- Israel Museum
- McNay Art Museum 
- Guggenheim, New York
On June 18, 2007, Goncharova's 1909 painting Picking Apples was auctioned at Christie's for $9.8 million, setting a record for any female artist at the time. She is considered one of the most expensive women artists at auction, and her work features in Russian art auctions during the bi-annual Russian Art Week in London.
In November 2007, Bluebells, (1909), brought £3.1 million ($6.2 million). In 2008, Goncharova's 1912 still-life The Flowers (formerly part of Guillaume Apollinaire's collection) sold for $10.8 million.
The copyright in the Estate of Natalia Goncharova is administered by ADAGP, Paris.
- Sharp, Jane A. (2000). "Natalia Goncharova". In Bowlt, John E.; Drutt, Matthew. Amazons of the avant-garde : Alexandra Exter, Natalia Goncharova, Liubov Popova, Olga Rozanova, Varvara Stepanova, and Nadezhda Udaltsova. New York: Guggenheim Museum. p. 155. ISBN 0-8109-6924-6.
- Sharp, Jane E. (2000). "Natalia Goncharova". In Bowlt, John E.; Drutt, Matthew. Amazons of the avant-garde : Alexandra Exter, Natalia Goncharova, Liubov Popova, Olga Rozanova, Varvara Stepanova, and Nadezhda Udaltsova. New York: Guggenheim Museum. p. 156. ISBN 0-8109-6924-6.
- Gray, Camilla (1962). The Great Experiment: Russian Art 1863-1922. London: Thames and Hudson. p. 87.
- Gray, Camilla (1962). The Great Experiment: Russian Art 1863-1922. London: Thames and Hudson. p. 88.
- Sharp, Jane A. (2000). "Natalia Goncharova". In Bowlt, John E.; Drutt, Matthew. Amazons of the avant-garde : Alexandra Exter, Natalia Goncharova, Liubov Popova, Olga Rozanova, Varvara Stepanova, and Nadezhda Udaltsova. New York: Guggenheim Museum. p. 158. ISBN 0-8109-6924-6.
- "Наталия Гончарова. Между Востоком и Западом".
- "Михаил Ларионов и Наталия Гончарова".
- "Natalia Goncharova - Art in Russia". artinrussia.org. Retrieved 2017-03-11.
- Gray, Camilla (1962). The Great Experiment: Russian Art 1863-1922. London: Thames and Hudson. p. 87.
- "The Russian Avant-Garde Book 1910 - 1934". Museum of Modern Art. Retrieved 2016-03-05.
- Exposition de l'art russe 1906 Archived 2015-07-06 at the Wayback Machine.; salon-automne.com
- Norton, Leslie. Léonide Massine and the 20th Century Ballet . McFarland, 2004. p. 12. ISBN 0786417528
- Federle, Courtney (1992-01-01). "Kuchenmesser DADA: Hannah Höch's Cut Through the Field of Vision". Qui Parle. 5 (2): 120–134. JSTOR 20685953.
- Lussier, Suzanne (2006). Art deco fashion (Repr. ed.). London: V&A Publications. p. 46. ISBN 9781851773909.
Goncharova's primitive interpretation of Russian folk art and Byzantine mosaics was evident not only in her costumes for the Ballets Russes but also in her designs for Myrbor
- "Evening dress by Natalia Goncharova for Myrbor". V&A Museum. Retrieved 6 December 2012.
- "Natalia Goncharova", Solomon R. Guggenheim Museum, Retrieved 24 May 2015.
- Sharp, Jane A. (2000). "Natalia Goncharova". In Bowlt, John E.; Drutt, Matthew. Amazons of the avant-garde : Alexandra Exter, Natalia Goncharova, Liubov Popova, Olga Rozanova, Varvara Stepanova, and Nadezhda Udaltsova. New York: Guggenheim Museum. p. 163. ISBN 0-8109-6924-6.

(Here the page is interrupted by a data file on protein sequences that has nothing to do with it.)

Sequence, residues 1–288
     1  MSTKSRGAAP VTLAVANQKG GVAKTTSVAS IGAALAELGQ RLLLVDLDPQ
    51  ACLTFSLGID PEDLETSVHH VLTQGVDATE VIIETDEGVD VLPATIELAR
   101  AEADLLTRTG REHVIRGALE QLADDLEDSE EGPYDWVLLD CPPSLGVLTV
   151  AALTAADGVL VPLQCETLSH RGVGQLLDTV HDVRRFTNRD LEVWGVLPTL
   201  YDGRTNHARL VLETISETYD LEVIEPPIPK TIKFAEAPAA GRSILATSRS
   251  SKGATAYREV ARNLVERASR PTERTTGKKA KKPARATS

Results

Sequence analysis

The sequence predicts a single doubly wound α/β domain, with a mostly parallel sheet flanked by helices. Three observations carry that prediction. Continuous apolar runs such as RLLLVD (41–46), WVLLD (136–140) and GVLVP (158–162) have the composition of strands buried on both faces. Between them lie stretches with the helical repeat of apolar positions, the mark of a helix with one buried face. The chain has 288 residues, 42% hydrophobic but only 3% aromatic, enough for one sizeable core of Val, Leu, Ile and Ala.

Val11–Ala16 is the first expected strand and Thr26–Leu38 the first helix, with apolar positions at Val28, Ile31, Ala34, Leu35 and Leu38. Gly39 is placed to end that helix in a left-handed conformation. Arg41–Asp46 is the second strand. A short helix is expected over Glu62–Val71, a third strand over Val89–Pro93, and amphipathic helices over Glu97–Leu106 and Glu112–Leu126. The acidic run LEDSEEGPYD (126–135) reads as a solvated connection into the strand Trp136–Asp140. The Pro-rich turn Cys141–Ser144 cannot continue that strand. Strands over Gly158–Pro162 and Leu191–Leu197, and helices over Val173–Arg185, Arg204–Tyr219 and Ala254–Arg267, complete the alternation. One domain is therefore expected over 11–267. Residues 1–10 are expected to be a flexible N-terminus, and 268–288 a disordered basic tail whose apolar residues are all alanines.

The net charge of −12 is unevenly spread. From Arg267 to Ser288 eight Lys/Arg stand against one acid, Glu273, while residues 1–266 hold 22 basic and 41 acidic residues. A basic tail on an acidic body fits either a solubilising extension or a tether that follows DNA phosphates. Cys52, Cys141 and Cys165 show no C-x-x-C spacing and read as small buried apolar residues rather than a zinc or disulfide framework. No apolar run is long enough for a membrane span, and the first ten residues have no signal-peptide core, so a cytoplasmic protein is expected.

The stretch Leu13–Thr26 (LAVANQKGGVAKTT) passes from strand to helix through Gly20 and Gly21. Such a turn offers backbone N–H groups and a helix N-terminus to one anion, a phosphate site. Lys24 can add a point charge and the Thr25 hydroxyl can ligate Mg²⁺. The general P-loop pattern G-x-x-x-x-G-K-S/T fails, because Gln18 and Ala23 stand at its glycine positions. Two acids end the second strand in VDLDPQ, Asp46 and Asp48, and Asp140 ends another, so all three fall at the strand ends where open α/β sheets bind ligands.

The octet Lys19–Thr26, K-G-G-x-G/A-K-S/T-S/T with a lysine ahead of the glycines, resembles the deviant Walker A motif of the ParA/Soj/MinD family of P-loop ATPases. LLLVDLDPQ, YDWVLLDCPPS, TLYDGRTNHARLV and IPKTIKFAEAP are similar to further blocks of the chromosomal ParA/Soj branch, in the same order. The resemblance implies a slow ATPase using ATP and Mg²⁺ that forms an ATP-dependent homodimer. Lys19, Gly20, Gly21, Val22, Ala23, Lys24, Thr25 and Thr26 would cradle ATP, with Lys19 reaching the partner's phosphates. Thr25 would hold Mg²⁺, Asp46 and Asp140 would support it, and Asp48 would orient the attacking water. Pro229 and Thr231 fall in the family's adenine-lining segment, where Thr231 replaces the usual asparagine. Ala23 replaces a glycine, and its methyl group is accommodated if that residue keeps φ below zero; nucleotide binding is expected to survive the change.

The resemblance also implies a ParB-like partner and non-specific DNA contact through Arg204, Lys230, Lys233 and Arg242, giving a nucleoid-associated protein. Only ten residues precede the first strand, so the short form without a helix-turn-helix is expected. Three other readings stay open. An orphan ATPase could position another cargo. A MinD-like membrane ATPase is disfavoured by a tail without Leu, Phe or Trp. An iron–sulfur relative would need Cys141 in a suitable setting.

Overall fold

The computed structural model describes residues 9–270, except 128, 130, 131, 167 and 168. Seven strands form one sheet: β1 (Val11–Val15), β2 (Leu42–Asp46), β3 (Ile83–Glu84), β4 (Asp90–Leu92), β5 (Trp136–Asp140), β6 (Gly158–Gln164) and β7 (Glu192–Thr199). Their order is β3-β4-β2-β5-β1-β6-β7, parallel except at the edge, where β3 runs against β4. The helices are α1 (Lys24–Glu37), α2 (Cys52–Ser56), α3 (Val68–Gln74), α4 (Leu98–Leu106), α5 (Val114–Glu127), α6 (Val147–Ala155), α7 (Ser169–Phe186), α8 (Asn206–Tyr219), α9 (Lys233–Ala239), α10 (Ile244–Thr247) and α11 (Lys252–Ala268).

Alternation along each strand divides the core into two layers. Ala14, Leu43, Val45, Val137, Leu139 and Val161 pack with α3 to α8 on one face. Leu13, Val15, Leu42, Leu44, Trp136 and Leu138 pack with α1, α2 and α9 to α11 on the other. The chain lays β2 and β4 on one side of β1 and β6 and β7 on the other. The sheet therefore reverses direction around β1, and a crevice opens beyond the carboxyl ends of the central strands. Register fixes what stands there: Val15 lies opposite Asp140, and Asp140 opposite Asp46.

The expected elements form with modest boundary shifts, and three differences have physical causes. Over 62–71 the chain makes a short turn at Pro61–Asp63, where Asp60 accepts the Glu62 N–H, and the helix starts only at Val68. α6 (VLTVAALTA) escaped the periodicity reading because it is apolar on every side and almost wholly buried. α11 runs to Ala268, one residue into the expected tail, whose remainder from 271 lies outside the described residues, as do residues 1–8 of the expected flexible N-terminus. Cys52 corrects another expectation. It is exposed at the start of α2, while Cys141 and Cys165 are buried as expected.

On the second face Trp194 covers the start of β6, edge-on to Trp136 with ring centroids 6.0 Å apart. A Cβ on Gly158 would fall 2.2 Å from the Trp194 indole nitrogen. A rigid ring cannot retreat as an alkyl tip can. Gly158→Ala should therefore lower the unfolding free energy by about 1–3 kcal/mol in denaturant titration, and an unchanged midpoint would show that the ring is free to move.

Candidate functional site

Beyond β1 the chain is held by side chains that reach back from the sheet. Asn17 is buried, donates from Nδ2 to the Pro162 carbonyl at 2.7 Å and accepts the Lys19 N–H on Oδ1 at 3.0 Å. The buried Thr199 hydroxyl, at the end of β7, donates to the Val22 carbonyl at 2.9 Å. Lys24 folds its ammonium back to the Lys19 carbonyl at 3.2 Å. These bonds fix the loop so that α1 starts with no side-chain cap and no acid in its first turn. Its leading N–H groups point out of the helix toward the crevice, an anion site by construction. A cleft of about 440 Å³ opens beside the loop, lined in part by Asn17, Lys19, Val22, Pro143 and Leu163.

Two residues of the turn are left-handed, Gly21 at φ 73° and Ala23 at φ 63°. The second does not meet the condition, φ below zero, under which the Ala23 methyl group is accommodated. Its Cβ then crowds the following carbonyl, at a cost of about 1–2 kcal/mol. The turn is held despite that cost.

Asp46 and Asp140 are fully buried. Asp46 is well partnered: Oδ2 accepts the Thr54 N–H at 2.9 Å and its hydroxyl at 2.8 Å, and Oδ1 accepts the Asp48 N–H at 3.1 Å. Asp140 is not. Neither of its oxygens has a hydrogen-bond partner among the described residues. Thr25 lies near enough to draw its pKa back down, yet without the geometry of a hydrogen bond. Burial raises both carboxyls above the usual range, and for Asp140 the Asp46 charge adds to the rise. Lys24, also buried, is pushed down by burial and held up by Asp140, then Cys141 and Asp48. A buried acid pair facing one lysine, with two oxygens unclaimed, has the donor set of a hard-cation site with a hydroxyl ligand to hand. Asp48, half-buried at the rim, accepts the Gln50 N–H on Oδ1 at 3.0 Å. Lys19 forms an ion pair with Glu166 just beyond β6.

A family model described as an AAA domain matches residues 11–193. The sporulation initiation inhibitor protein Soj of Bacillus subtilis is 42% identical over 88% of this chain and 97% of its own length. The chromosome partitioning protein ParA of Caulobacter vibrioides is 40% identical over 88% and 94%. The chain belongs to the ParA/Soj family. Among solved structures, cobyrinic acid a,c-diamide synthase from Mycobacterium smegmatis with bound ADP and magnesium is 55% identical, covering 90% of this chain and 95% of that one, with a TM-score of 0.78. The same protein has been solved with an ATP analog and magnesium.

- The Museum of Modern Art (2010). "MoMA Collection: Natalia Goncharova". Moma.org. Retrieved 25 November 2011.
- "Goncharova, Natalia". Collections Online. Museum of New Zealand Te Papa Tongarewa. Retrieved 27 October 2011.
- "Natalya Goncharova". Tate Collection. the Tate. Retrieved 27 October 2011.
- "Natalia Goncharova". The Israel Museum Exhibition Online. The Israel Museum. Retrieved 27 October 2011.
- McNay Art Museum (2014). "McNay Collection: Natalia Gontcharova". Mcnayart.org. Retrieved 16 May 2016.
- "Cats (rayist percep.[tion] in rose, black, and yellow)". Guggenheim. 1913-01-01. Retrieved 2017-03-11.
- "Who Was Natalia Goncharova?". The New York Sun. 2007-06-26. Retrieved 2007-03-07.
- "artnet News's Top 10 Most Expensive Women Artists at Auction". artnet. 2015-08-31. Retrieved 2016-03-04.
- Artist Dossier: Natalia Goncharova
- "The Most Expensive Women Artists - artnet News". artnet News. 2015-08-31. Retrieved 2017-03-11.
- Vogel, Carol (2008-06-25). "A Monet Sets a Record: $80.4 Million". The New York Times. Retrieved 2008-06-26.
|Wikimedia Commons has media related to Natalia Goncharova.|
- Works by or about Natalia Goncharova at Internet Archive
- Great Soviet Encyclopedia
- Information on Goncharova
- Natalia Goncharova Biography, Artworks and Writings
- Maria Valova. “Of Course, You and I Are Sisters...” NATALIA GONCHAROVA AND MARINA TSVETAEVA - THE HIDDEN WORLD OF GONCHAROVA’S POETRY. The Tretyakov Gallery Magazine, #2 2018 (59)
- Irina Vakar. Goncharova -"This Name Had the Ring of Victory". The Tretyakov Gallery Magazine, #1 2014 (42)
- Yevgenia Ilyukhina. NATALIA GONCHAROVA'S SPANISH EXTRAVAGANZA. The Tretyakov Gallery Magazine, #4 2015 (49)
- Yevgenia Ilyukhina. Natalia Goncharova. Pochoirs. The Tretyakov Gallery Magazine, #1 2014 (42)
- Gleb Pospelov. Early Goncharova and Gauguin. The Tretyakov Gallery Magazine, #1 2014 (42)
- Inessa Kouteinikova. Goncharova, Music and Theatre. The Tretyakov Gallery Magazine, #1 2014 (42)
- Sergei Koluzakov. The Holy Trinity Church in Cuhurestii. The Tretyakov Gallery Magazine, #1 2014 (42)
- Yevgenia Ilyukhina. The Mansion of Serge Koussevitzky. The Story Behind a Commission. The Tretyakov Gallery Magazine, #1 2014 (42)